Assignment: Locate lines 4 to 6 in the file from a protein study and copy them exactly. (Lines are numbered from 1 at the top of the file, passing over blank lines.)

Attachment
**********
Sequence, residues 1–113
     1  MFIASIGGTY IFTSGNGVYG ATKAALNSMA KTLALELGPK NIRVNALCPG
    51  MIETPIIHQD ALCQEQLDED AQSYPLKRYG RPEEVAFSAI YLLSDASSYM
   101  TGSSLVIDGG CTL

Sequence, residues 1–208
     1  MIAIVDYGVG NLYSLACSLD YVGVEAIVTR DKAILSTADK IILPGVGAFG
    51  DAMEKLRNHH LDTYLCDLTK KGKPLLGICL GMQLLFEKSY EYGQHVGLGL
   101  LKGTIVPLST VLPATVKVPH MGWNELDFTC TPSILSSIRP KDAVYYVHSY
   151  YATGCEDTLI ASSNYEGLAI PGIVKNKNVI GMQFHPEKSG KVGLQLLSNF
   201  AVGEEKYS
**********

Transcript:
   101  TGSSLVIDGG CTL

Sequence, residues 1–208
     1  MIAIVDYGVG NLYSLACSLD YVGVEAIVTR DKAILSTADK IILPGVGAFG